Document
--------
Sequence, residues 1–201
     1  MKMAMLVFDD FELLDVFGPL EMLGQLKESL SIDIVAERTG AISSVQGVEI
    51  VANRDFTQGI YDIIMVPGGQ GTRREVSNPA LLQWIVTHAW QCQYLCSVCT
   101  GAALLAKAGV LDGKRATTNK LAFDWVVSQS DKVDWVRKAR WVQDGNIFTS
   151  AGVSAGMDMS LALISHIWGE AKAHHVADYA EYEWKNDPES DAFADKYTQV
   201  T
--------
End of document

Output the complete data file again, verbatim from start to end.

Sequence, residues 1–201
     1  MKMAMLVFDD FELLDVFGPL EMLGQLKESL SIDIVAERTG AISSVQGVEI
    51  VANRDFTQGI YDIIMVPGGQ GTRREVSNPA LLQWIVTHAW QCQYLCSVCT
   101  GAALLAKAGV LDGKRATTNK LAFDWVVSQS DKVDWVRKAR WVQDGNIFTS
   151  AGVSAGMDMS LALISHIWGE AKAHHVADYA EYEWKNDPES DAFADKYTQV
   201  T